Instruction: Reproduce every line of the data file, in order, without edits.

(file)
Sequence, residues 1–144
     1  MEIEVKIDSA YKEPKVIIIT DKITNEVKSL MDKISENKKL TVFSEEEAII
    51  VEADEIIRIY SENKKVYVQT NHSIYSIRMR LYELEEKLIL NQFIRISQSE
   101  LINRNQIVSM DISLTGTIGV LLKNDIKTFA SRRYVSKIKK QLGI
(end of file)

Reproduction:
Sequence, residues 1–144
     1  MEIEVKIDSA YKEPKVIIIT DKITNEVKSL MDKISENKKL TVFSEEEAII
    51  VEADEIIRIY SENKKVYVQT NHSIYSIRMR LYELEEKLIL NQFIRISQSE
   101  LINRNQIVSM DISLTGTIGV LLKNDIKTFA SRRYVSKIKK QLGI